Ian Falefuafua Tapu HOW TO SAY SORRY: FULFILLING THE UNITED STATES' TRUST OBLIGATION TO NATIVE HAWAIIANS BY USING THE CANONS OF CONSTRUCTION TO INTERPRET THE APOLOGY RESOLUTION 44 New York University Review of Law and Social Change 445 (2020) The Marshall Trilogy--a series of U.S. Supreme Court cases that became the legal foundation of the unique, government-to-government relationship between Indian tribes and the U.S. federal government--established a special doctrine known as the Indian Canons of Construction. The Canons became a powerful tool in treaty and statutory construction,... 2020
Margaret Schaff , Cheryl Lohman INDIAN ALLOTTEE WATER RIGHTS: A CASE STUDY OF ALLOTMENTS ON THE FORMER MALHEUR INDIAN RESERVATION 31 Colorado Natural Resources, Energy & Environmental Law Review 147 (Winter, 2020) C1-2Table of Contents Introduction. 147 I. Indian Water Rights. 148 II. Allotment Water Rights. 151 III. Public Domain Allotments. 153 IV. The Malheur Public Domain Allotments. 156 Conclusion. 163 2020
  INDIAN LAW SECTION HONOREE NAMED 56-AUG Arizona Attorney 70 (July/August, 2020) The Indian Law Section's Executive Council is pleased to announce that Cora Tso is the recipient of the Section's Character and Fitness Scholarship. Cora is a proud member of the Navajo Nation. As she explained: My dedication to serving Indian Country began during my adolescence. Growing up, I witnessed the harsh realities of life on an Indian... 2020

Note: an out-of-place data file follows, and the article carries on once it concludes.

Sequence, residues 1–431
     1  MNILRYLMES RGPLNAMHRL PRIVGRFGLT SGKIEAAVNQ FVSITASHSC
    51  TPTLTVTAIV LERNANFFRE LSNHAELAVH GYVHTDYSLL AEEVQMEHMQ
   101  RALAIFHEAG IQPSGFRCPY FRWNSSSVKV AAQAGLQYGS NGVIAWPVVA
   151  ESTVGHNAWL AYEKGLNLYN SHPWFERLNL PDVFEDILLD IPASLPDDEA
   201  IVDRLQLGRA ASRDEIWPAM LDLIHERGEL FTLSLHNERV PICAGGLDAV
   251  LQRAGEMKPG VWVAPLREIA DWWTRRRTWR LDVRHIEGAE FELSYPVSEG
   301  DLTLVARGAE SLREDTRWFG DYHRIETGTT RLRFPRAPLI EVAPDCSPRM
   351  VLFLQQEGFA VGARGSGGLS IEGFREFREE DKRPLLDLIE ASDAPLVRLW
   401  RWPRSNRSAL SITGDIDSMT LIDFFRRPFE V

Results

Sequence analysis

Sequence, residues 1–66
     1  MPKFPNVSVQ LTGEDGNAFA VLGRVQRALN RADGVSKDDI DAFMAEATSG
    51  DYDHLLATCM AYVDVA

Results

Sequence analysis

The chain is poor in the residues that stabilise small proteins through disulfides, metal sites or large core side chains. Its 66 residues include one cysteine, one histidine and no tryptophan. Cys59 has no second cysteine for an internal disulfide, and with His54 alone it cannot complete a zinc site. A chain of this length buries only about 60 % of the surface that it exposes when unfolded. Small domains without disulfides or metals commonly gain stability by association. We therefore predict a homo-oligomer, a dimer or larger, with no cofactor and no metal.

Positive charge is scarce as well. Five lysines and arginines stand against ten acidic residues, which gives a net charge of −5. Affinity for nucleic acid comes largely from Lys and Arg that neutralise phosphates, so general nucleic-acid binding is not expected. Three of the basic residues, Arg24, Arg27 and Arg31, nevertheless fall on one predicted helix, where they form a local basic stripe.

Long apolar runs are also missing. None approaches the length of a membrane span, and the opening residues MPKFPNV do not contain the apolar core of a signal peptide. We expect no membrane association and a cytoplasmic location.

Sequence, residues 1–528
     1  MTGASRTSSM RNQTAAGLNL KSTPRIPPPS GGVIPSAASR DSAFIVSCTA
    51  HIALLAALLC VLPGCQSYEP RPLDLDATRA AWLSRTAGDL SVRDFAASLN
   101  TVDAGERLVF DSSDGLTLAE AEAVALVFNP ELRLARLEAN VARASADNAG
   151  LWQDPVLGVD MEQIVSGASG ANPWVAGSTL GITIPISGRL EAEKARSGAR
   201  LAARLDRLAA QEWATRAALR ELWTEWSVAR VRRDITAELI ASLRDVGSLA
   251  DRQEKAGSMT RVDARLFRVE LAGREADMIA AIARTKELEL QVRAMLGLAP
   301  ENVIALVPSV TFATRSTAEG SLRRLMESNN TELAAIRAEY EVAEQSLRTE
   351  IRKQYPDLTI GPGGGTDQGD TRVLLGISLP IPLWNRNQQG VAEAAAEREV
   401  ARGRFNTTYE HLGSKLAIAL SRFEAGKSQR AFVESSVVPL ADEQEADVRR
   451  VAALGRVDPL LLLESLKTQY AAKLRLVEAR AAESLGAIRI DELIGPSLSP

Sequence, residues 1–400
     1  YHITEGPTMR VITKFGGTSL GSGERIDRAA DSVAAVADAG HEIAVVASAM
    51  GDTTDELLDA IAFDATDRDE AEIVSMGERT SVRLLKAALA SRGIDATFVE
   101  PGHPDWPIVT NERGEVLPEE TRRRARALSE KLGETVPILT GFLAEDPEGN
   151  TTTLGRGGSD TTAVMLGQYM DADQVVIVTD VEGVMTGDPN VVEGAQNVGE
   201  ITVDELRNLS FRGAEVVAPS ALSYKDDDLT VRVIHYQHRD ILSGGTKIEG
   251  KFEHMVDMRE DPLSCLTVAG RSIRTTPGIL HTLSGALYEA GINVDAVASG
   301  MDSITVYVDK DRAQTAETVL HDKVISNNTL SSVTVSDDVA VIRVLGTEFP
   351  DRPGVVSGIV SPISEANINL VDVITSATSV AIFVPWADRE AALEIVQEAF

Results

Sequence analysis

INDIAN LAW SPECIAL FOCUS 56-AUG Arizona Attorney 22 (July/August, 2020) In the spring of 2019, we debuted a special issue focused on Indian Law. Because the practice area is diverse, our coverage was too--encompassing many areas of business, regulation and human experience. A year later, we wondered if it was too early to cover the subject again. But when leading practitioners made a call to their colleagues for... 2020
Matthew L.M. Fletcher INDIAN LIVES MATTER: PANDEMICS AND INHERENT TRIBAL POWERS 73 Stanford Law Review Online 38 (June, 2020) American Indian people know all too well the impact of pandemics on human populations, having barely survived smallpox outbreaks and other diseases transmitted during the generations of early contact between themselves and Europeans. Indian people also suffered disproportionately from the last pandemic to hit the United States about a century ago.... 2020
Catherine Schluter INDIAN RESERVED RIGHTS TO GROUNDWATER: VICTORY FOR TRIBES, FOR NOW 32 Georgetown Environmental Law Review 729 (Summer, 2020) Many Indian tribes in the United States have a federally reserved right to water to support their reservations and way of life, as recognized in Winters v. United States. However, the Winters doctrine does not explicitly recognize a reserved right to groundwater. Three states--Wyoming, Arizona, and Montana--faced the question of whether to extend... 2020